Investigation of a small, bright object thought to have come from the rover may resume between the first and second scoop. Over the past two sols, with rover arm activities on hold, the team has assessed the object as likely to be some type of plastic wrapper material, such as a tube used around a wire, possibly having fallen onto the rover from the Mars Science Laboratory spacecraft's descent stage during the landing in August.
Sol 63 activities included extended weather measurements by the Rover Environmental Monitoring Station, or REMS. The Sol 63 planning also called for panoramic imaging by the Mast Camera, or Mastcam, in the early morning light of Sol 64, before uplink of Sol 64 commands.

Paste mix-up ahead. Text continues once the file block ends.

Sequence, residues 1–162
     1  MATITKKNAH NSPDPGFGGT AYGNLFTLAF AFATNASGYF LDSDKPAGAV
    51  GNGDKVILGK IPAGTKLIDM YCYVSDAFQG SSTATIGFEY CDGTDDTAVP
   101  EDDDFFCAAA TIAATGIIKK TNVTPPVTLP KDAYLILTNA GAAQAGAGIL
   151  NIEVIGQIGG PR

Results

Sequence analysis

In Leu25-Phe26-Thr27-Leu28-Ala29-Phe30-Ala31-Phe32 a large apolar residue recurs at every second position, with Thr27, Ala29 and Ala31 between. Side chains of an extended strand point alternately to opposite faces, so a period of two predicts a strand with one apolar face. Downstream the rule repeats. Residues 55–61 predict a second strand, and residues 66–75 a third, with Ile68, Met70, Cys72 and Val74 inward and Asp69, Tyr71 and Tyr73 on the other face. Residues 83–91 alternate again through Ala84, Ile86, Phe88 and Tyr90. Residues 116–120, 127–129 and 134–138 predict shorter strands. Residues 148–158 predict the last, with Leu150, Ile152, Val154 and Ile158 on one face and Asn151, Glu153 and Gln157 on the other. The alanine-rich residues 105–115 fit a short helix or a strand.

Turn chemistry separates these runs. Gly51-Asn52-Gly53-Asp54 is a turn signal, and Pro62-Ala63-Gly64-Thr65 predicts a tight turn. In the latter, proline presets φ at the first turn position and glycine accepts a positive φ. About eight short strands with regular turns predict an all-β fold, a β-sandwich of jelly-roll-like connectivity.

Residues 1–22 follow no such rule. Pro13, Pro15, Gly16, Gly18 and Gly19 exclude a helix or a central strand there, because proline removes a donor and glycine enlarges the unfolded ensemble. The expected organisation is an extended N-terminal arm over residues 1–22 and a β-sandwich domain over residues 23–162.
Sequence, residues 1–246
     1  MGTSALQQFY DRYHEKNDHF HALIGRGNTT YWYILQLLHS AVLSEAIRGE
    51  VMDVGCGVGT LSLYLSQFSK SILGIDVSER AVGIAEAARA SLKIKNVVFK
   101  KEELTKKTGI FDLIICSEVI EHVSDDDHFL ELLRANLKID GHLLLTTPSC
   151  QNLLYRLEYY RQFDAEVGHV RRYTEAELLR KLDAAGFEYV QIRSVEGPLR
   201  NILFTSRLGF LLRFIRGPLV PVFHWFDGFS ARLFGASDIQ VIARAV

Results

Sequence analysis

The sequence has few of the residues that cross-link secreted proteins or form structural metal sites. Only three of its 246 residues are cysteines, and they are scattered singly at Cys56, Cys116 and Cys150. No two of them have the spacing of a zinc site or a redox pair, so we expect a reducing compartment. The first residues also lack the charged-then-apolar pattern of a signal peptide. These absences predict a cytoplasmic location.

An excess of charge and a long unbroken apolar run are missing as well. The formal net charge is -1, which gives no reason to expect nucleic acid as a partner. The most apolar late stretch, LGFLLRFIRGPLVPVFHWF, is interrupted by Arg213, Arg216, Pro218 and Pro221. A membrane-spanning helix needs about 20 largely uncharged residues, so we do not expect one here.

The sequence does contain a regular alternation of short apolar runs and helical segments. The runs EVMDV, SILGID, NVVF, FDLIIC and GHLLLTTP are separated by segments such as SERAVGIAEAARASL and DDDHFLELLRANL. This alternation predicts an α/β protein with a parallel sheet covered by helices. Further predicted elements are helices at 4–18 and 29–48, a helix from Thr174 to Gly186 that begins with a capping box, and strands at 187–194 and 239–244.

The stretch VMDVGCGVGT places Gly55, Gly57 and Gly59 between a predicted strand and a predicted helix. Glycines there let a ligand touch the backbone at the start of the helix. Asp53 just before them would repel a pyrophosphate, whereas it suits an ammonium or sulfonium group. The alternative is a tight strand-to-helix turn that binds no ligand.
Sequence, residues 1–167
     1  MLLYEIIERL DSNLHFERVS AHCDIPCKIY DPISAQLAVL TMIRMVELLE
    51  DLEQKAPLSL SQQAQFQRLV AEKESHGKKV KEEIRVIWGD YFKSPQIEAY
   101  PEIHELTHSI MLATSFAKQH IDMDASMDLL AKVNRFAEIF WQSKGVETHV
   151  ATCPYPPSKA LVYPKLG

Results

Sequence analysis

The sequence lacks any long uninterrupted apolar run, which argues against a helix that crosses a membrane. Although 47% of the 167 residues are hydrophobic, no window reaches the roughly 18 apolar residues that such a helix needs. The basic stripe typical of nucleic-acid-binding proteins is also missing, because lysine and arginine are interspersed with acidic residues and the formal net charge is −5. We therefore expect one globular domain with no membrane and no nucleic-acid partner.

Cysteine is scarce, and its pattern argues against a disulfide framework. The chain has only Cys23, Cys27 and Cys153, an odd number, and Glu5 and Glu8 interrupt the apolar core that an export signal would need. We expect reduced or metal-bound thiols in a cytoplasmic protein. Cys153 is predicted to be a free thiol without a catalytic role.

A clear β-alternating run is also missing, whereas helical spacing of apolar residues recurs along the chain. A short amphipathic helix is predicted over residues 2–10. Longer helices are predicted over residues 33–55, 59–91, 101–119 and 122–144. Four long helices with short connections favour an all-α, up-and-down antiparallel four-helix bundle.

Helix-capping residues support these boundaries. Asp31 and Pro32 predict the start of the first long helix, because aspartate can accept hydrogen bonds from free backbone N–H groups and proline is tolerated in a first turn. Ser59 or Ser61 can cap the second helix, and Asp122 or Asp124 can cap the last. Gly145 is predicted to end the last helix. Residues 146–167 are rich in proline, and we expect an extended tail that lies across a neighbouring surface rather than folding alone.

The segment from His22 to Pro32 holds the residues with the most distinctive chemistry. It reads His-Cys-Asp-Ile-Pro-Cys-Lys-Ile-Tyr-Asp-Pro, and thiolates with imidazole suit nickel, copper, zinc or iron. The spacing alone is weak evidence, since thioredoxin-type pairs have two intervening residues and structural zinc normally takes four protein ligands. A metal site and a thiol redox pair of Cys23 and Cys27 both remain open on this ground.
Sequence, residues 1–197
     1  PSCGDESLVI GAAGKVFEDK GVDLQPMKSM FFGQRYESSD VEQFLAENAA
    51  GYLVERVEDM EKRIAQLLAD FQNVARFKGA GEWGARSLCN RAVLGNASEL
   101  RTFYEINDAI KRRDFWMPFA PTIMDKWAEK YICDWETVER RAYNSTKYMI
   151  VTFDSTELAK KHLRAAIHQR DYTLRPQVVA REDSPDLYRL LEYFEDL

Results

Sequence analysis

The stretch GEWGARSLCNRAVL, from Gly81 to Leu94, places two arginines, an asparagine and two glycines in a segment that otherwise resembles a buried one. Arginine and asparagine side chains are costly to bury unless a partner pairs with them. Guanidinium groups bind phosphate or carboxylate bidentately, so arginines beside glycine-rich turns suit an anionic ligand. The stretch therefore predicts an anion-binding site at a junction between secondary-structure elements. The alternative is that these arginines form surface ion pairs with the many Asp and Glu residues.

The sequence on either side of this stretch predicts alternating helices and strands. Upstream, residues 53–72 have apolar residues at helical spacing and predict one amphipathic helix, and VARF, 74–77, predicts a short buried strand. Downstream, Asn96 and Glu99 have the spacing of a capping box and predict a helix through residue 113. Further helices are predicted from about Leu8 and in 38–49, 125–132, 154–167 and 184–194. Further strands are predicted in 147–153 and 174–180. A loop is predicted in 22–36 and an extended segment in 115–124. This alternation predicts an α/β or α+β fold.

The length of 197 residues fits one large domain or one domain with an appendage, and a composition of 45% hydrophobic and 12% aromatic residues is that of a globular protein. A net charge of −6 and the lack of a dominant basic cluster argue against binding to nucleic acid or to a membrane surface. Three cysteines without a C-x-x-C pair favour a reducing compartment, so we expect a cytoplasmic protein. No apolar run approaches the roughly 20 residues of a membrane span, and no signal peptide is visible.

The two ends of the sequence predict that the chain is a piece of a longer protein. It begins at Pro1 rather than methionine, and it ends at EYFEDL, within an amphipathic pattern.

A Sol 61 raw image from the right Mast Camera, at http://1.usa.gov/VSwTN7 , shows the location from which Curiosity's first scoop of soil was collected.
Sol 63, in Mars local mean solar time at Gale Crater, ended at 1:03 a.m. Oct. 10, PDT (4:03 a.m., EDT)
JPL, a division of the California Institute of Technology, manages the Mars Science Laboratory Project and built Curiosity.
For more about Curiosity, visit: http://www.jpl.nasa.gov/msl , http://www.nasa.gov/msl or http://mars.jpl.nasa.gov/msl .
You can follow the mission on Facebook and Twitter at: http://www.facebook.com/marscuriosity and http://www.twitter.com/marscuriosity .
Media ContactGuy Webster / D.C. Agle 818-354-5011
Jet Propulsion Laboratory, Pasadena, Calif.
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